Annie Patnaude Testifies at Detroit Bailout Committee Hearing

June 13, 2014

Chairman Richardville and distinguished members of the Committee:

My name is Annie Patnaude. I am Deputy State Director of Americans for Prosperity-Michigan, a non-partisan grassroots group dedicated to furthering the cause of economic freedom. I am here today on behalf of our 90,000 activists to urge you to oppose provisions contained within the Detroit Settlement and Bankruptcy Grant Package that would distribute state revenue to the city of Detroit in excess of existing levels.

We believe that such a bailout would establish a dangerous precedent for future bailouts of fiscally troubled local governments; potentially drive up borrowing costs for other municipalities across Michigan; and, fail to put Detroit on the path toward fiscal solvency, thus shortchanging all of its creditors, including its pensioners.

Special deals

Detroit has received financial help and special treatment from state lawmakers time and time again. And, if we are to learn any lesson from history, it is that Detroit has a spending, not a revenue, problem.

State taxpayers have shelled out hundreds of millions to cover the cost of building the Tigers’ stadium, Lions’ stadium and now a new Red Wings hockey stadium. Between 2005 and 2010, the state helped the city borrow $610 million. State lawmakers even increased the limit on fiscal stabilization bonds from $125 million to $250 million—Detroit proceeded to borrow the max.

Special deals allow Detroit to collect hundreds of millions in additional tax revenue, according to experts with the Mackinac Center for Public Policy. For example, it is the only city allowed to assess a wagering tax on casinos and a utility tax on utility customers.

Detroit also receives the highest share by far on a per capita basis of both constitutional and statutory revenue sharing payments. A report published last year by the Citizen’s Research Council of Michigan indicated that Detroit’s revenue sharing payments ($353 per capita) were double Pontiac’s and nearly triple the payments received by cities like Lansing or Kalamazoo. Detroit received 58 percent of the total $235.8 million distributed through the economic vitality incentive payments program in last year’s budget.

Encouraging bad behavior

Unfortunately, all this help seems to have perpetuated rather than solved the problem. Instead of embracing fiscal reforms, the city spent its way into bankruptcy, borrowing more and more and making promises it clearly couldn’t keep.

Rather than investing pension gains, between 1985 and 2008 , Detroit’s pension fund trustees handed out those gains in the form of around $1 billion in annual “bonuses” to retirees, city employees, and the City of Detroit. According to some experts, had those “bonuses” been invested properly, they could have offset the current pension shortfall by around $2 billion. Additionally, a recent Detroit News investigation discovered that even as the Detroit Institute of the Arts sought more funding through a tax hike, it gave its executives pay hikes averaging 17 percent and gave its executive director an $155,000 interest-free loan.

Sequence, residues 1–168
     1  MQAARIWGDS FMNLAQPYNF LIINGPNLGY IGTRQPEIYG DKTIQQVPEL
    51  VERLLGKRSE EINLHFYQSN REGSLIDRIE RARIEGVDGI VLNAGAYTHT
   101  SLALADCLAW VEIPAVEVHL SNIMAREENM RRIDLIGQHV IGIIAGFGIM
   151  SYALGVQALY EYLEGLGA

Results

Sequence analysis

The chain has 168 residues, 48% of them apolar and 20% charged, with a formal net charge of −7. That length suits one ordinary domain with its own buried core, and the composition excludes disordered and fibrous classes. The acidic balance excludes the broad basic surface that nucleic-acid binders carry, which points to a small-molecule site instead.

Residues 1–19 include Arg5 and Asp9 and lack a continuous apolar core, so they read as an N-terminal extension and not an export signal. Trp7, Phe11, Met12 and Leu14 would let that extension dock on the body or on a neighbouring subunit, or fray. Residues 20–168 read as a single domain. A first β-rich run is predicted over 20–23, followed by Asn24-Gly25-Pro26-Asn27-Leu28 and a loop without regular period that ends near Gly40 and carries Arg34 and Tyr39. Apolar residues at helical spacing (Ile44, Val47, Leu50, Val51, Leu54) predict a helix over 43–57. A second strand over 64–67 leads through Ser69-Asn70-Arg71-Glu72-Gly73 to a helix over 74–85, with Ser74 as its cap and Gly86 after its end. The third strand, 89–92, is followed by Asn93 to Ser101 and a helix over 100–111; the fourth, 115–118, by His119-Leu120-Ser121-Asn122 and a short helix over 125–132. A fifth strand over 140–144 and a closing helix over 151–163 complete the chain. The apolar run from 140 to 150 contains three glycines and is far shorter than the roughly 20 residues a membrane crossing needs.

Criminal corruption, on top of fiscal mismanagement, has deepened Detroit’s crisis. Over the past 80 years, five Detroit mayors and four county executives have either been sent to prison, were the subjects of federal probes, or were removed from office.

Detroit should leverage its assets

Detroit holds assets that include its water and sewage department, airport, parking garages, vacant property, and the Detroit Institute of Arts collection. These assets ought to be leveraged for the benefit of all of Detroit’s creditors.

Rather than shirking responsibility and accepting yet another state bailout, Detroit can and should explore opportunities for privatization as the city of Pontiac has done. Pontiac Emergency Manager Lou Schimmel sold off and monetized assets to reduce debt. According to the Mackinac Center for Public Policy, those sales included its unused water and sewer capacity, a city-owned theater, a golf course, old public works equipment and vacant lots. Pontiac also competitively contracted out core city services such as police, fire, 911-dispatch, and ambulance services.

While Detroit may not be able to pursue all the same reforms as Pontiac, city leaders can certainly work to develop a similar path toward fiscal solvency.

Conclusion

If Detroit’s political class is not serious about taking responsibility for reforms, it seems doubtful that the city’s current trajectory can be altered by yet another state bailout. City and union leaders already balked at one of the most transformative reforms suggested by state lawmakers—to convert Detroit’s defined benefit pension system to a defined contribution retirement plan. (Unfortunately, House lawmakers watered down the provision in response to this pressure.) This ought to raise questions as to whether Detroit’s leaders are truly committed to reforming past bad behavior.

Some of the institutional changes contained within this package are laudable; however, they do not justify yet another bailout for Detroit. Giving such a bailout would be rewarding bad behavior—ultimately doing a disservice to Detroit by preventing meaningful restructuring in the here and now.

Detroit’s leaders must commit themselves to real change and difficult but necessary reforms that can put the city on firm fiscal footing. Americans for Prosperity-Michigan will continue to educate our members around the state on the many taxpayer concerns surrounding a Detroit bankruptcy deal that involves state funds.

Sincerely,

Annie Patnaude
Deputy State Director
Americans for Prosperity-Michigan

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